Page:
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‘It put us all out of work’: Trump White House aides react Jan. 6 in angry text message exchange




CNN

A text exchange between Ivanka Trump’s chief of staff Julie Radford and White House aide Hope Hicks vented their anger at then-President Donald Trump’s actions on Jan. 6, 2021, hurting them professionally, according to newly released documents collected by a special House committee , investigating the riot on Capitol Hill.

“For one day, he ended any future opportunity that didn’t include speaking engagements at the local Proud Boys branch,” Hicks wrote to Radford on January 6, 2021. “And all of us who didn’t have jobs lined up will be forever unemployed. I am so angry and upset. Now we all look like domestic terrorists.

Hicks added: “It has put us all out of work. As untouchable. God, I’m so crazy.”

Radford responded by texting, “I know, like there’s no way I’m going to get a job,” and pointed out that she’s already lost a job opportunity from Visa, who sent her a “cancellation email.”

It’s the new version part of a constant flow of documents by the commission, complementing the publication of its massive 845-page report. The latest comes as the panel wraps up its work on the House majority, which will change hands from Democrats to Republicans on Tuesday at the start of the new Congress.

Hicks then says in the text messages, “Alice looks like a genius,” an apparent reference to Alice Farrah Griffin, who resigned from her position as a White House aide a month before the attack on the U.S. Capitol.

Hicks and Radford then discuss Jared Kushner and Ivanka Trump’s mother-in-law Karlie Kloss, the supermodel, tweeting that Trump’s response to the election was anti-American.

“Unreal,” Radford wrote.

The committee also released call logs from the days before Jan. 6, 2021, painting a fuller picture of who the former president spoke to as he and his allies plotted to keep him in office, the first time the panel has released White House Call Logs in their entirety.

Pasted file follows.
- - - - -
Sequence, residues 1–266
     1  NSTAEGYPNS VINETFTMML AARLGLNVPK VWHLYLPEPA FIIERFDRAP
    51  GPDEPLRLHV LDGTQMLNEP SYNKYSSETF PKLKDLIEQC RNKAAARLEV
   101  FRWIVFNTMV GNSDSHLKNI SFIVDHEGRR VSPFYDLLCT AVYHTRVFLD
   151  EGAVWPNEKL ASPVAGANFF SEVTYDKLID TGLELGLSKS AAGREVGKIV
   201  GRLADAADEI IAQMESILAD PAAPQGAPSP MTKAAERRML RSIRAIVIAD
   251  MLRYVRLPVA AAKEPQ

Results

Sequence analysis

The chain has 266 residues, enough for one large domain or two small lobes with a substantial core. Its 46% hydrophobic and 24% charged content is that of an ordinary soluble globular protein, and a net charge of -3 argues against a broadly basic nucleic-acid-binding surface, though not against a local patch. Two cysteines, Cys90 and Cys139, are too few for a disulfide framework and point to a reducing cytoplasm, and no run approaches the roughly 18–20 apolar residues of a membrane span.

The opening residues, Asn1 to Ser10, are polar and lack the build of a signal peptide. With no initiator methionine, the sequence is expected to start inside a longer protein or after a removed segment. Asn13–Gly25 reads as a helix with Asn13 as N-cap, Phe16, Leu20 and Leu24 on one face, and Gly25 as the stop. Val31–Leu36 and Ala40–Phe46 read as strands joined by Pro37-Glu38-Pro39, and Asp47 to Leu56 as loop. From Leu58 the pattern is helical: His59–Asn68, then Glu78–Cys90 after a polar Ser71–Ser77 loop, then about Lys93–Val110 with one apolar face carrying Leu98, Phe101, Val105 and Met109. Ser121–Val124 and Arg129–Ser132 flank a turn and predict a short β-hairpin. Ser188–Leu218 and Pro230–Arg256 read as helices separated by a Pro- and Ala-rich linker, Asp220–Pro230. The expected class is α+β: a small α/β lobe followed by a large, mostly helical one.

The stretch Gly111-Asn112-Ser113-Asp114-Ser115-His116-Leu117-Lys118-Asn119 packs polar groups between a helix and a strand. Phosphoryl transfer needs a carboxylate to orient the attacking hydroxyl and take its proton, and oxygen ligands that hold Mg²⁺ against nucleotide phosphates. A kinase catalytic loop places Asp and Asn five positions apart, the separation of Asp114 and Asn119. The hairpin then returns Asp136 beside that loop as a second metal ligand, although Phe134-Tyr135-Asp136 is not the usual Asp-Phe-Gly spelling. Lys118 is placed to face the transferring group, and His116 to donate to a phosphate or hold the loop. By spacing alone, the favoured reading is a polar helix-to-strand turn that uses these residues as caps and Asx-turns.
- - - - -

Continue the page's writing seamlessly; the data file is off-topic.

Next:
The diaries were crucial to the panel’s investigation in compiling the chronology of events. Although there is a seven-hour break in the log for January 6, the commission has gone to great lengths to fill in that portion of the schedule through witness interviews and other records.

The day before the attack on the US Capitol, Trump spoke with then-Vice President Mike Pence. After that call, Trump spoke with Pennsylvania state Sen. Doug Mastriano, who helped fuel Trump’s campaign lies in the state, and then the operator left a note “that Sen. Douglas Mastriano will be calling for vice president.”

Trump also spoke with a number of members of Congress on January 5, including Sen. Rand Paul, Lindsey Graham and House Minority Leader Kevin McCarthy. Trump and Sen. Josh Hawley of Missouri tried to call multiple times but were unable to get through. Trump also spoke with John Eastman, who helped Trump set up the fraudulent voter scheme that day.

The Jan. 2 call log shows what happened immediately after the infamous hour-long call with Georgia Secretary of State Brad Raffensperger, when Trump asked Raffensperger to “find” votes for him to win the state. After the call with Raffensperger ended, Trump spoke with his then-lawyer, Rudy Giuliani, and spoke by phone with his chief of staff, Mark Meadows, and later Steve Bannon.

On January 3, Trump held multiple conversations with former Justice Department official Jeffrey Clarke and Republican Rep. Scott Perry of Pennsylvania as the former president tried and ultimately failed to appoint Clarke as the acting head of the DOJ. The call logs reflect a flurry of conversations with Justice Department officials, including then-acting Attorney General Jeffrey Rosen and his deputy, Richard Donohue.

At 4:22 PM ET that day, Clark is listed as acting attorney general, but earlier in the day he was not.

This story was updated with additional developments on Monday.


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